Former state and federal homeland security adviser Juliette Kayyem said over the course of her life and career she has visited almost every state in the country and numerous foreign countries.

“I am going to fight to create an environment of innovation and access so that companies and start-ups from around the world come here and create Massachusetts jobs,” Kayyem said.

Kayyem said she would go to Brazil, where Patrick has already visited once, because of its growing economy, the numbers of Brazilian immigrants living in Massachusetts and the strong trade relationship that already exists between Massachusetts and Brazil.

Joseph Avellone, a Wellesley biopharmaceutical executive, said he “would not hesitate” to travel domestically or abroad to create jobs, but said travel must be balanced with other demands of the job and have a “specific purpose.”

“I am the only candidate in this race that has competed in the global economy. I understand that to prepare Massachusetts for a global economy, international travel may at times be required. These trips should be specific in their purpose and executed in a cost-effective manner,” Avellone said.

Avellone said the easy choice for his first trade mission would be to Japan.

“Japan doesn’t innovate that well, but we do and they would like to bring a lot more of what they do here so they can take advantage of our innovations economy. We should embrace that,” he said.

Republican gubernatorial candidate Charlie Baker took a swipe at Patrick for being on a trade mission last week when an important independent review of the Department of Children and Families was released, and said he would have canceled the trip. But he also said, “My first priority will always be making sure state government is working for the people of Massachusetts. As governor, I fully expect to travel abroad for the purpose of helping grow the commonwealth’s economy by opening new markets.”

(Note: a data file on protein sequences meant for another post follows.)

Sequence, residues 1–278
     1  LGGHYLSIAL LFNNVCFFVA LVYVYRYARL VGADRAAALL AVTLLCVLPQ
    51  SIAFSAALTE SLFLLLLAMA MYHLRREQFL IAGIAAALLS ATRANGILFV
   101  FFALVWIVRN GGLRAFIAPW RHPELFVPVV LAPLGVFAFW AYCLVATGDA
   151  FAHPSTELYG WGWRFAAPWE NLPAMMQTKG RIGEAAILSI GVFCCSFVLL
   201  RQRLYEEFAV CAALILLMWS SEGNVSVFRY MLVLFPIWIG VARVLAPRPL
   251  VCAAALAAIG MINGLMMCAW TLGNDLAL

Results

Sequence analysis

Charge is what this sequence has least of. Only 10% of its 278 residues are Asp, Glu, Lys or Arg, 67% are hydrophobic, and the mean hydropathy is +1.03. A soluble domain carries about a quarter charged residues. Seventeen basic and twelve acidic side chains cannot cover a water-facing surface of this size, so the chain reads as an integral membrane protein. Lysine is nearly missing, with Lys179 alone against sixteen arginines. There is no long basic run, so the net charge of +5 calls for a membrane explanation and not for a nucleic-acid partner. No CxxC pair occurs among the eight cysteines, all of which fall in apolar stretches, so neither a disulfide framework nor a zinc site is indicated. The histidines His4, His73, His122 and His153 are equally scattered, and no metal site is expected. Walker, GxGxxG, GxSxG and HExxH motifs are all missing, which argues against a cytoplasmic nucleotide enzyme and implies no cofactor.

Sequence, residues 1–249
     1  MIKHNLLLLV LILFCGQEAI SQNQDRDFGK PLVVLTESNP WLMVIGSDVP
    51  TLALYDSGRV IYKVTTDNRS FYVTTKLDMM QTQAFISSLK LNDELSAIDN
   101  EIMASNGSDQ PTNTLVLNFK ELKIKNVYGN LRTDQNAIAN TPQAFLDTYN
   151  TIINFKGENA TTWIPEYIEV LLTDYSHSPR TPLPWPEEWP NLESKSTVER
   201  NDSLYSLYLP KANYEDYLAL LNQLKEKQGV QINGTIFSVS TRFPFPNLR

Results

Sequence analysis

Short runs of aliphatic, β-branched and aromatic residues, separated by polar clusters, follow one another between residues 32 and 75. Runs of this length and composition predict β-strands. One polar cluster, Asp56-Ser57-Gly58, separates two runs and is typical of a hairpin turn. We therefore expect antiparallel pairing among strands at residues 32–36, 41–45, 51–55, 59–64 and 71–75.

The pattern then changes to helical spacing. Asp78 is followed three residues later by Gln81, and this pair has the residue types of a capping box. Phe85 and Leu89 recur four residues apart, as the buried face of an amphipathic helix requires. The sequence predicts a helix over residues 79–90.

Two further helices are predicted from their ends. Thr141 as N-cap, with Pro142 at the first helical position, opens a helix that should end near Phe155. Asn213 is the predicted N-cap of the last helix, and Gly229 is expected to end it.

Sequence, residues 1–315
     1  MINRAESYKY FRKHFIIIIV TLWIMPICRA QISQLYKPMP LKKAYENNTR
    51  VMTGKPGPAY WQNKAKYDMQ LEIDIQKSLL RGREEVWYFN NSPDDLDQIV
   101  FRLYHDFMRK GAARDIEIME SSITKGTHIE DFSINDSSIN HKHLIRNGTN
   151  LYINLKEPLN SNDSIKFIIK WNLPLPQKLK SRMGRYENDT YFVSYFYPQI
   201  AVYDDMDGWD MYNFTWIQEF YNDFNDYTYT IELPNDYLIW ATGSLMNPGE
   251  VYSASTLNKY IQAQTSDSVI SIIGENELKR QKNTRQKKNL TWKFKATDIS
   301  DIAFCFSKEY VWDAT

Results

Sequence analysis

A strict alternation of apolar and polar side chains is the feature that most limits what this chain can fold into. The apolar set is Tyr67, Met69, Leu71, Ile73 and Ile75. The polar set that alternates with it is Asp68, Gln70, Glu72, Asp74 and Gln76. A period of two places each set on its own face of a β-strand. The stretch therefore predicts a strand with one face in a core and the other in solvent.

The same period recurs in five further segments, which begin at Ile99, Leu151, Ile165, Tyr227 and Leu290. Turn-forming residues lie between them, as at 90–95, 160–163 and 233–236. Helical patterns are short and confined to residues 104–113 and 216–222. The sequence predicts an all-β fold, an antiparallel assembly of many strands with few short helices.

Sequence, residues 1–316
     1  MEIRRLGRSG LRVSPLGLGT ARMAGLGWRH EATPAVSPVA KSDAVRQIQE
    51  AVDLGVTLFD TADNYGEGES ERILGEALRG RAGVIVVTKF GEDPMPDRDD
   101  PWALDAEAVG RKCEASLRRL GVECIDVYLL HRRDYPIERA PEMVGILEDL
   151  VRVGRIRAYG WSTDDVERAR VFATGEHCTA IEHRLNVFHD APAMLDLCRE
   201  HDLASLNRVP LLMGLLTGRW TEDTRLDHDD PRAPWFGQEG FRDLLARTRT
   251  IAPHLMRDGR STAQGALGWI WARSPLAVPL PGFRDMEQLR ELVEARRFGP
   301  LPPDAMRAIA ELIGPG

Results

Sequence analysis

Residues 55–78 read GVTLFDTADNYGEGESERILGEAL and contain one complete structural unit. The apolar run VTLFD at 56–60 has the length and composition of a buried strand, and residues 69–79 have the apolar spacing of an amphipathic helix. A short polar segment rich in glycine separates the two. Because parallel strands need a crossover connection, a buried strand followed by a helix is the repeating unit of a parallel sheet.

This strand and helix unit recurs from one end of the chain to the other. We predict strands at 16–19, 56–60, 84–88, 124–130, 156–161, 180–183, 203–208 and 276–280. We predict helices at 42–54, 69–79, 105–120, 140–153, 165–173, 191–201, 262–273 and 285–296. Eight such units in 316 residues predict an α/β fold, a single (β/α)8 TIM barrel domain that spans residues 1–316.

Baker’s Republican opponent, Mark Fisher, said in an email he would personally pay for any trips he takes outside Massachusetts, and that the only traveling he planned to do would be to out-of-state conferences with other governors where he could “trade information with other state officials about best practices that protect its citizens and their taxpayer dollars.”

Independent venture capitalist Jeff McCormick said, “Economic development trips and trade missions can be helpful in stimulating our state’s economy and, when appropriate, I will institute them.”

McCormick also said he would have to be convinced of the potential for economic development before traveling, and would limit the size of the delegation traveling with taxpayer money and avoid “lavish accommodations.”

Falchuk, a health and medical consultant, said that in his business career he has found traveling around the world to meet with clients to be “invaluable,” but said as governor he does not intend to spend “significant time” outside Massachusetts.

“Trips with no clear and direct business purpose can appear to be — and often are — nothing more than junkets. It is worthwhile to promote Massachusetts and Massachusetts businesses abroad, but it is not clear that visits by a governor materially improve the prospects of Massachusetts business,” Falchuk said in a statement. “Unless this is the case, the best way to improve Massachusetts businesses and to encourage foreign businesses to move to Massachusetts is to ensure that the business environment in Massachusetts is as good as can be — in particular, by reducing the skyrocketing cost of living in our state.”